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Logo of intjnanoDove Medical PressThis ArticleSubscribeSubmit a ManuscriptSearchFollowDovepressInternational Journal of Nanomedicine
Int J Nanomedicine. 2017; 12: 3023–3036.
Published online 2017 April 12. doi:  10.2147/IJN.S131949
PMCID: PMC5396927

Targeted delivery of thymosin beta 4 to the injured myocardium using CREKA-conjugated nanoparticles



Thymosin beta 4 (Tβ4) has multiple beneficial facets for myocardial injury, but its efficiency is limited by the low local concentration within the infarct. Here, we established a Tβ4 delivery system for cardiac repair based on the interaction between the abundant fibrin in the infarct zone and the fibrin-targeting moiety clot-binding peptide cysteine–arginine–glutamic acid–lysine–alanine (CREKA).

Methods and results

CREKA and Tβ4 were conjugated to nanoparticles (CNP–Tβ4). In vitro binding test revealed that CNP–Tβ4 had a significant binding ability to the surface of fibrin clots when compared to the control clots (NP–Tβ4). Based on the validation of fibrin expression in the early stage of ischemia injury, CNP–Tβ4 was intravenously administered to mice with acute myocardial ischemia–reperfusion injury. CNP–Tβ4 revealed a stronger fibrin-targeting ability than the NP–Tβ4 group and accumulated mainly in the infarcted area and colocalized with fibrin. Subsequently, treatment with CNP–Tβ4 resulted in a better therapeutic effect.


CRKEA modification favored Tβ4 accumulation and retention in the infarcted region, leading to augmented functional benefits. Fibrin-targeting delivery system represents a generalizable platform technology for regenerative medicine.

Keywords: thymosin beta 4, fibrin, CREKA, targeting delivery, ischemia reperfusion, cardiovascular


Cardiovascular diseases, including myocardial infarction (MI) and heart failure, are the leading causes of death in the world. Acute occlusion of cardiac vessels leads to loss of dependent myocardium. Because the heart is incapable of sufficient muscle regeneration,1 necrotic myocardium is replaced by noncontractile, poorly conducting, fibrotic scar tissue, leading to pathological remodeling of the heart.2 Therefore, exogenously administered cells, growth factors or small molecule compounds have been recently used for stimulating the intrinsic myocardial repair process.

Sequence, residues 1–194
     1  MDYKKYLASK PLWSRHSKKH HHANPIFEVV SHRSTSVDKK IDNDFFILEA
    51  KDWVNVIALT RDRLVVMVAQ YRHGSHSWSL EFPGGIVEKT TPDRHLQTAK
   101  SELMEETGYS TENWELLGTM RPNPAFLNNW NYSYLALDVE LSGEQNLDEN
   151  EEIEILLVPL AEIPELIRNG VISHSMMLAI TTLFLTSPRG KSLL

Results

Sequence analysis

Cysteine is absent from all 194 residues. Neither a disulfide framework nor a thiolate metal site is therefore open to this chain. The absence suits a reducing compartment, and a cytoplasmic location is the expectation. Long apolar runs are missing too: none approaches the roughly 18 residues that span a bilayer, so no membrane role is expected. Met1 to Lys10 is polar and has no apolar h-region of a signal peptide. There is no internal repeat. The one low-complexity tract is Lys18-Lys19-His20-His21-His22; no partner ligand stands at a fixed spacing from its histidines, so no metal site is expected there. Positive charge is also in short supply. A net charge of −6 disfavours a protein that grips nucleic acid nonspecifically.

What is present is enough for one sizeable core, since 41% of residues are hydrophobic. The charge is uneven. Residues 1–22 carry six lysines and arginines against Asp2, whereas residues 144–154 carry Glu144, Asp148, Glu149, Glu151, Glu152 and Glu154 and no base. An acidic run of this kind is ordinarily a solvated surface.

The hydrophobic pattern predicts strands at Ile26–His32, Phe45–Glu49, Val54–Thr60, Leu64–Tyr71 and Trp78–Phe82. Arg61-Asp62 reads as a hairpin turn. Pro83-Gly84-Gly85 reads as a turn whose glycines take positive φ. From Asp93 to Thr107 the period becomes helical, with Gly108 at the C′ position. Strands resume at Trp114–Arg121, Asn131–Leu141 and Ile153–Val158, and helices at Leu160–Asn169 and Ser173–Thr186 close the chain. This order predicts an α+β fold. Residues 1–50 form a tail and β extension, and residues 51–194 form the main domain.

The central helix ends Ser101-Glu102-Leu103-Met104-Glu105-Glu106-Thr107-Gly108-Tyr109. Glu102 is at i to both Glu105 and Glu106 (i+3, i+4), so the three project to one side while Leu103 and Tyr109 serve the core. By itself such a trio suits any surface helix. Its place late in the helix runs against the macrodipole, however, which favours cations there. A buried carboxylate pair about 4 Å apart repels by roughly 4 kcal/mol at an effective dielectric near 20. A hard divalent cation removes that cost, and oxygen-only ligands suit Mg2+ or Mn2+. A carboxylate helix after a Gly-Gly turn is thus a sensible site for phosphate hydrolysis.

Thymosin beta 4 (Tβ4), a 43-amino-acid-sequestering peptide expressed in the embryonic heart, plays a critical role in epicardial development and coronary artery formation.3,4 Recent studies revealed that Tβ4 increased cardiac function by promoting the survival of cardiomyocytes,57 activating resident epicardial progenitor cells,4,812 and modulating inflammatory responses.13 Being a peptide, Tβ4 has additional advantages over conventional growth factors because of its small size, high activity, and minimized immunogenicity,14 and Tβ4 has been regarded as an attractive therapeutic agent for MI clinically (NCT00743769).

However, biomolecules that are administered through injections in soluble forms are susceptible to degradation,15 and systemic administration of Tβ4 may not maintain Tβ4 at a stable, effective blood concentration, especially as its half-life is very short.16,17 Previous studies have shown that multiple intraperitoneal (IP) injections or direct intracardiac (IC) injection of Tβ4 were required to be effective.5,8,9,18 However, these approaches aroused the concerns such as increased dosages of Tβ4, uneven distribution in the infarcted area, and invasive procedure. Although available data point to Tβ4 being a safe and well-tolerated molecule,19 Tβ4 was upregulated in certain types of malignancy.20,21 Therefore, there is an incentive to fabricate a targeting delivery system such that a high local concentration of Tβ4 can be built up within the infarct and side effects to other organs would be reduced.22,23

There is abundant extracellular matrix (ECM) in various tissue microenvironments. After injury, a dramatic change in the composition of the ECM occurs, providing mechanical support to the injured tissue and directly modulating the inflammatory and reparative responses.2426 Recently, an ECM-targeting drug delivery strategy has been used to treat glioma27 and enhance tissue healing.28 However, to the best of our knowledge, little has been done to understand the feasibility of ECM as a therapeutic target for heart repair. After MI, increased vascular permeability results in extensive extravasation of plasma proteins that form a fibrin-based provisional matrix. Fibrin is the most important temporary ECM in the wounded area and plays an important role in blood clotting, fibrinolysis, cellular and matrix interactions, inflammation, wound healing, and angiogenesis.2932 Intense fibrin expression was noted in the infarcted mouse myocardium after 3 h of reperfusion, clearly demarcating the area of myocardial injury, and after 72 h of reperfusion, fibrin was incorporated into a well-organized fibrin network in the infarct granulation tissue.26 The high abundance might accordingly favor excellent targeting efficiency when fibrin functions as the therapeutic target.33